COOPER: Well, there's always plenty to talk about. Joining us, is a Sanders surrogate, Jonathan Tasini, John Jay Lavalle, a New York Trump delegate. A Clinton supporter, former New York City Council Speaker, Christine Quinn, and our political analyst, David Gergen and Gloria Borger. Jonathan Tasini, let's start with you. The fact that Secretary Clinton said she believes a lot of Senator Sanders supporters will get on board with her candidacy, makes it sound sort of sound like it's inevitable. Is it?

JONATHAN TASINI, SANDERS SURROGATE: Well, I know I'm going to have to rain on this party a little bit. As Bernie said, the struggle continues, and respectfully to the secretary, the primary process is not wrapped up, there's a primary next week in Washington, D.C. We know that there's a huge steep hill to climb, but we're still making the argument, at this point, Bernie may change his mind. But at this point, I have been on this campaign since the beginning. And I'm sticking by my man. We're going to make the argument to superdelegates. I do think that coming out of the convention, whoever is the nominee, that we are going to have a purpose that unites us. And that is to defeat Donald Trump.

[22:10:00] There's no question about that. Bernie Sanders has made it very clear that he will work overtime as the nominee to defeat Donald Trump.

COOPER: Christine, do you think it is possible for Donald Trump to actually pick up Sanders supporters?

CHRISTINE QUINN, FORMER NEW YORK CITY COUNCIL SPEAKER, CLINTON SUPPORTER: No, I think that's impossible. And I think it is the last thing Bernie Sanders would ever want is to support someone who is so racist and so dangerous to our country and the world as Donald Trump. And look, Jonathan is right in a way. There is the D.C. next week, and if senator Sanders and his supporters feel it is important to move to that moment, we have to respect that. And I think there is no way that this convention is going to happen in July without Bernie Sanders being an enormous part of it, and I really, obviously, agree with Jonathan, that we will be completely united after the convention. But I actually believe because Senator Sanders is so committed to making this country better, and Donald Trump is a threat to that, that we will be united well before the convention.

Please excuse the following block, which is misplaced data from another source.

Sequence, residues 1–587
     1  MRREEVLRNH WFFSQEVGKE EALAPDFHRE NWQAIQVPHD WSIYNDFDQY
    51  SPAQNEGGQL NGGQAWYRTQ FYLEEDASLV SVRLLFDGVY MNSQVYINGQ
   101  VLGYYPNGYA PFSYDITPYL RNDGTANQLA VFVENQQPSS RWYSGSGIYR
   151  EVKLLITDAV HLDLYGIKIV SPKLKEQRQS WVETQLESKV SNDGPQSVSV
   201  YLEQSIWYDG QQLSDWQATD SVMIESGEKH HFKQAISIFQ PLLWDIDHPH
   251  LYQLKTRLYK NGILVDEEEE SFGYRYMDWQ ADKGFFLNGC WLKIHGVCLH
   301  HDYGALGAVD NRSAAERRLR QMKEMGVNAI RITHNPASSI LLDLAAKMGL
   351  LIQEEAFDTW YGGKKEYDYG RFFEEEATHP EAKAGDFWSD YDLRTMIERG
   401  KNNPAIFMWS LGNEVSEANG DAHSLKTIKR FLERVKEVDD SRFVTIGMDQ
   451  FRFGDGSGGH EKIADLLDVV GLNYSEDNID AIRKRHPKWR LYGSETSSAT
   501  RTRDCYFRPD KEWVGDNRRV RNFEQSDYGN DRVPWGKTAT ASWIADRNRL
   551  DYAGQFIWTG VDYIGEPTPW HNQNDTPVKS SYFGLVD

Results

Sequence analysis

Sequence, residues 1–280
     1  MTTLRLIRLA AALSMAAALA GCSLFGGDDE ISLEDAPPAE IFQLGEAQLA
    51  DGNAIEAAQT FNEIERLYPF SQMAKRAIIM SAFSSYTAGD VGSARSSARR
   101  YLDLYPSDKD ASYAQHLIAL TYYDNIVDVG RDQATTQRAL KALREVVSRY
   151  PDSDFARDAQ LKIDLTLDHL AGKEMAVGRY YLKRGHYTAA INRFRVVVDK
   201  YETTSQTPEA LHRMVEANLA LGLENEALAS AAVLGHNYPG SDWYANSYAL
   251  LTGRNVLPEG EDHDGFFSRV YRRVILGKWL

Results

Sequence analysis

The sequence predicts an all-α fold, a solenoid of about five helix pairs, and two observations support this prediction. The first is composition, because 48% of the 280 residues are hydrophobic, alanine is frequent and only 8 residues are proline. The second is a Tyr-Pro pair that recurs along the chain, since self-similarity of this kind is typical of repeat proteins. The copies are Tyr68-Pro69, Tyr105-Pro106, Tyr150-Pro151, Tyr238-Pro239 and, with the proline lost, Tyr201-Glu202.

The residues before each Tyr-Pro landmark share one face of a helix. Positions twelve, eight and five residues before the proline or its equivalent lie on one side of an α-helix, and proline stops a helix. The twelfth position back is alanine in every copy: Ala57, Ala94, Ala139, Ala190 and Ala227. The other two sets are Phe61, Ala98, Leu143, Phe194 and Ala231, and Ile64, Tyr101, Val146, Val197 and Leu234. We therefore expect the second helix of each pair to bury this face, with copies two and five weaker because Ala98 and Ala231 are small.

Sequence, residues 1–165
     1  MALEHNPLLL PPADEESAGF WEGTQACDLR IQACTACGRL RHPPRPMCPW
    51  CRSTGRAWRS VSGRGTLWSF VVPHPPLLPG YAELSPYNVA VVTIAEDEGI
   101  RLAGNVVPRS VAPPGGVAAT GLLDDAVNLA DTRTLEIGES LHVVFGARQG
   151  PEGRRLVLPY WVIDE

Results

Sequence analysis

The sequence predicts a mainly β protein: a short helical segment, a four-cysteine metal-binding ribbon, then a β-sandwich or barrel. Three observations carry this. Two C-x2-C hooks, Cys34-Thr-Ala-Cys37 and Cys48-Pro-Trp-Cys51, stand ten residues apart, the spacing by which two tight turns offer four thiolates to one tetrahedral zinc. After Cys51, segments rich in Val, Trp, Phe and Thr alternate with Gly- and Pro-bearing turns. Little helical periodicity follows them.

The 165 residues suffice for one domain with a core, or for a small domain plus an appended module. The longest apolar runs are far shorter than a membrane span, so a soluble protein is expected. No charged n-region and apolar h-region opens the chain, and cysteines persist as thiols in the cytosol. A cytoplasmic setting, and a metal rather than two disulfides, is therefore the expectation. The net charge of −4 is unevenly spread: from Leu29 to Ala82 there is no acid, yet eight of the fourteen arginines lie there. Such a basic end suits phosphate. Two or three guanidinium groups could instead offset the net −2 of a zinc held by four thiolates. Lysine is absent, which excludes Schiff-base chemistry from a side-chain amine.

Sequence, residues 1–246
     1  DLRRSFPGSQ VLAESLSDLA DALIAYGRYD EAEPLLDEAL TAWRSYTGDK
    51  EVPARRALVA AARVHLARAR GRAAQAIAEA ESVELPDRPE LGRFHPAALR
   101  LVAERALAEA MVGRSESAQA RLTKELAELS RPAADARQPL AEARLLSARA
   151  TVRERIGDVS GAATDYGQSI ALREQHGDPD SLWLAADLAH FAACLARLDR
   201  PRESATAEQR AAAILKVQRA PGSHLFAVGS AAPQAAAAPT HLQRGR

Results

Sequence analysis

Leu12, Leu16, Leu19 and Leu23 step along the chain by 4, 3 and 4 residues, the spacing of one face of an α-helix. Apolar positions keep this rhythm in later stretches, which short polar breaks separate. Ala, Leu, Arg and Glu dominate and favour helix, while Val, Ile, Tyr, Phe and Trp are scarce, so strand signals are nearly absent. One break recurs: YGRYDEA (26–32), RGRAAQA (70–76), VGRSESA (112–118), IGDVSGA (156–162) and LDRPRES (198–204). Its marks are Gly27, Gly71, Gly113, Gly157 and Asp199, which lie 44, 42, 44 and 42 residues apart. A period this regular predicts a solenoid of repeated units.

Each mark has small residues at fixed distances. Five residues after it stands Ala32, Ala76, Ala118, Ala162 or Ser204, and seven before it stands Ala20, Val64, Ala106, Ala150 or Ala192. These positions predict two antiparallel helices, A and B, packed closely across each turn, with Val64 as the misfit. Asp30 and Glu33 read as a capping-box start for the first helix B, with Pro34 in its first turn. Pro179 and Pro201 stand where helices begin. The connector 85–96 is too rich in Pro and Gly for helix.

COOPER: Gloria, Donald Trump certainly believes or seems to believe that Hillary Clinton is vulnerable on the Clinton Foundation. On the various sort of network of relationships that people donated. Obviously, as I said in the interview, look, they've done extraordinary work. A lot of people have HIV medication around the world that wouldn't otherwise have it. Lives have been saved. But you know, there has been lack of transparency from time to time. There's this Canadian foundation, which has been in partnership with it, which the donors don't have to disclose who they really are. Is she vulnerable? GLORIA BORGER, CNN CHIEF POLITICAL ANALYST: Yes. Look, I think yes.

I think Donald Trump has made it very clear that he is going to hit them on this. He is going to have a press conference next week on this subject in particular. And he's going to keep hammering it home that she's what he calls, crooked Hillary. Trying to remind a younger generation of all of the issues surrounding the Clintons that a lot of people have put to bed for years and years. And I think she's going to say he's unstable and that he doesn't have the temperament to be president. And he's going to say well, you know what, people don't trust you and let me tell you why. Because he understands that her largest vulnerability, you saw this, Anderson, in every exit poll we looked at among Democrats, is that her largest vulnerability is the trust issue. And he believes if that if he continues to hammer it in, people will not trust her enough to be president. So it is kind of a vulnerability for her. But I guarantee you, and heard it in answer to your question tonight, she will be prepared to fight back at him on it because they're expecting it.

COOPER: John Jay, you're a Trump supporter, do you believe she's vulnerable on the Clinton Foundation. Obviously they've done tremendous work for a lot of people around the world. Is there a risk that Donald Trump goes after her on that?